I'm sure I'm not alone in my regret. Most of you have
probably done what I did: Intended to reach out to someone, put it off,
and then learned that he or she had died.
So we send a sympathy card to the family, maybe go to the funeral, say
I'm sorry to the grave.
It's too late to tell him now, but maybe it will make me feel better: I
love you, Governor King, and I'm sorry I didn't send the note I'd
planned to write you when you were at the Lahey Clinic being treated for
a head injury. Well, I'm going to assume you are in heaven now, with all
the other people to whom I regret having not said good-bye. I hope you
get this newspaper there.
Edward J. King: Governor of the Commonwealth, 1978-1982.
How timely, as we enter another Massachusetts governor's campaign, to
recall the man who defined "good governor." Formal obituaries will tell
of his formal achievements; I'll tell you about the governor I knew.
There were two Ed Kings running in 1978 - Edward J. and Edward F. The
latter was the founder of Citizens for Limited Taxation, for which I was
then the office secretary, and was running in the primary against a
liberal Republican, Frank Hatch of Beverly. When our Ed lost the
primary, almost everyone I knew, including Gordon Nelson, the chairman
of the Republican Party, quietly switched their allegiance to the
Democratic Ed King, who had just done us all a favor by defeating the
incumbent governor, Mike Dukakis.
We were just starting to work on Proposition 2½ that year, heading for
the 1980 ballot, and King was running on a platform calling for property
tax relief. One of his first acts as governor was a 4-percent local
spending cap, which worked quite well the first year. Then the
Legislature allowed an override by town meetings, and property taxes
went up 12 percent (to make up for the lost year), and Prop 2½ passed in
a landslide, with King among those voting in favor.
By then I was executive director of CLT and had a basic disagreement
with the new governor: We wanted more local aid for the cities and
towns, and he didn't want to cut the state budget to let local
governments continue with their accustomed high spending. A meeting was
set up in his office and I made my best arguments, that, yes, the cities
and towns had to cut, but there was plenty of waste in the state budget
too, where human services spending was the third highest in the nation
and top-heavy with administration.
Shortly thereafter the Legislature cut the state budget to give almost
$300 million in aid to cities and towns and I attended the governor's
news conference, where he said he would veto this provision! I was
tipped back in my chair at the moment and, startled by his
pronouncement, fell backwards into the laps of reporters who were
sitting behind me.
I quickly recovered. "He didn't mean it," I confidently told them. I
can't recall whether he changed his mind or the Legislature overrode,
but the local aid went forward in any case.
It was all uphill from there, as over the years we met to talk tax and
budget issues. He reminded me of my dad, a similarly big man who told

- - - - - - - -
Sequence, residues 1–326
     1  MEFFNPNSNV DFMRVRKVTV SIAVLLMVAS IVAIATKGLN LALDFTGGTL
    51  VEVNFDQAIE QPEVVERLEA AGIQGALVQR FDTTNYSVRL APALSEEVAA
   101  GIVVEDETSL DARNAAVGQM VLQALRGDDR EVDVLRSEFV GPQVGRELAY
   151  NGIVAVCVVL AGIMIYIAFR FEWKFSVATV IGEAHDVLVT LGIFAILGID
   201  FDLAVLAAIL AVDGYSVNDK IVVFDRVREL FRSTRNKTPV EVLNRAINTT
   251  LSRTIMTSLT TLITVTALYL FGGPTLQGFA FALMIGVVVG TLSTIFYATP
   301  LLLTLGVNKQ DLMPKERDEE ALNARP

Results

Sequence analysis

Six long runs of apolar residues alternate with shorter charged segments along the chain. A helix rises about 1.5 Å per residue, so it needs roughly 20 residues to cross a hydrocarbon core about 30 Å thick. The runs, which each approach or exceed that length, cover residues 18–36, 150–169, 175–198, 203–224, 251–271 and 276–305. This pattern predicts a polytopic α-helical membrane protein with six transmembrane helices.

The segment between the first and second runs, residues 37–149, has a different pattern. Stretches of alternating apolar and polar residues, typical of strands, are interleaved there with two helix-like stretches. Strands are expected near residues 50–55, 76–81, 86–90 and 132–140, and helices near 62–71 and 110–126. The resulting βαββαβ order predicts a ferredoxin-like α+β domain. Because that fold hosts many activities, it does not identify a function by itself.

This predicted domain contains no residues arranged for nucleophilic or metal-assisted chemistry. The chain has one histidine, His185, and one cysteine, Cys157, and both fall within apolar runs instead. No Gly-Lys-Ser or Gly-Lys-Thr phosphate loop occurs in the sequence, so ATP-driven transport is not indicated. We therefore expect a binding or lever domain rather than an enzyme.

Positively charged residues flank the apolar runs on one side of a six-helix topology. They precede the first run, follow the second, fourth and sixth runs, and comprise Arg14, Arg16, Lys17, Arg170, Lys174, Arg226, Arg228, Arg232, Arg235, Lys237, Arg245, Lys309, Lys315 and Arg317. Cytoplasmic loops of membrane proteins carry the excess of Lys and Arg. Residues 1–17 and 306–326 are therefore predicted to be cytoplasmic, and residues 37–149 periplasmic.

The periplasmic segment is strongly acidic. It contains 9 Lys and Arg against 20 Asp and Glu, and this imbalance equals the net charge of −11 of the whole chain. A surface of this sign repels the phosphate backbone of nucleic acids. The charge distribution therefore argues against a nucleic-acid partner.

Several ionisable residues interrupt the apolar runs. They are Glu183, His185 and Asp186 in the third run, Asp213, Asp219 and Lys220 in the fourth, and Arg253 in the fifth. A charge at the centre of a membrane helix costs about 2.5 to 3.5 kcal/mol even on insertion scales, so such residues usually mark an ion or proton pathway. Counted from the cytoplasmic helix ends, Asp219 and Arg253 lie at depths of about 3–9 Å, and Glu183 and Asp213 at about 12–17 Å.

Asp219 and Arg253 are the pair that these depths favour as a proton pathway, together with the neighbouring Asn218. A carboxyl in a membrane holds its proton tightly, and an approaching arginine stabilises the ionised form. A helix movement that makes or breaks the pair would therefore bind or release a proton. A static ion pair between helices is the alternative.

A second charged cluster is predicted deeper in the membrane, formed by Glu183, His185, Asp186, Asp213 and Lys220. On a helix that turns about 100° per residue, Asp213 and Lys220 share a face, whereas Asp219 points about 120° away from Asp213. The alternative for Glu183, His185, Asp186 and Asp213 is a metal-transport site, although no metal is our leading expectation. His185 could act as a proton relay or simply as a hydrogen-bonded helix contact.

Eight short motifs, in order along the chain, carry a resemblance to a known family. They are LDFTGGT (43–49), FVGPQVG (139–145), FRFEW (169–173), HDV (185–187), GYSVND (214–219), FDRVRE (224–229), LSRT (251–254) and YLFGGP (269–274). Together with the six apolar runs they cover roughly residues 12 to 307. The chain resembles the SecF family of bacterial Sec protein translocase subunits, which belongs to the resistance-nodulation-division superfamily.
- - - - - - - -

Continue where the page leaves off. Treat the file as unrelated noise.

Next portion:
the truth as a matter of course, and who enjoyed every little aspect of
life. The day after he was, incredibly, attacked by his enemies for
posing as a clown for a group of children, I took him a handful of Sweet
Sloops, the candy treat made by Harbor Sweets in Salem. (This was before
lobbyists weren't allowed to offer gifts.)
He took a tiny bite of the tiny, butter-crunch sailboat, savored it,
then offered it to me to taste!
After that, whenever we met, I'd bring him a few Sweet Sloops. Years
later, after he'd left office, we honored him at a dinner and gave him a
whole box of the unique North Shore candy. From his delighted expression
you'd have thought we'd presented him with a chest of gold.
I worked enthusiastically for King's re-election in 1982, even going
door to door with King flyers in Marblehead. Dukakis was looking to make
a comeback and King's loss in the Democratic primary that year came as a
shock; I learned that I cannot predict what voters will do when choosing
among candidates, because that choice made no sense at all.
I feel more in touch on issues, since voters and I usually agree on
ballot questions, but you won't hear me making any predictions about
this November's election. But I'd urge voters to remember Ed King -
honest, genuine, and a friend of the taxpayers - and get as close to
that as you can.
Eventually he became a Republican, and I ran into him at New England
Cable News during the 1990 election. King, a social, as well as a
fiscal, conservative, wasn't too enthusiastic about Bill Weld; I
reassured him the best I could, and I think they ended up getting along
Good-bye Governor King; I wish the likes of you had been running this
week to give Democratic voters a chance to finally get it right again.
Barbara Anderson is executive director of Citizens for Limited Taxation. Her syndicated columns appear weekly in the Salem
News, Newburyport Times, Gloucester Times, (Lawrence) Eagle-Tribune, and Lowell Sun; bi-weekly in the Tinytown Gazette; and occasionally in the Providence
Journal and other newspapers.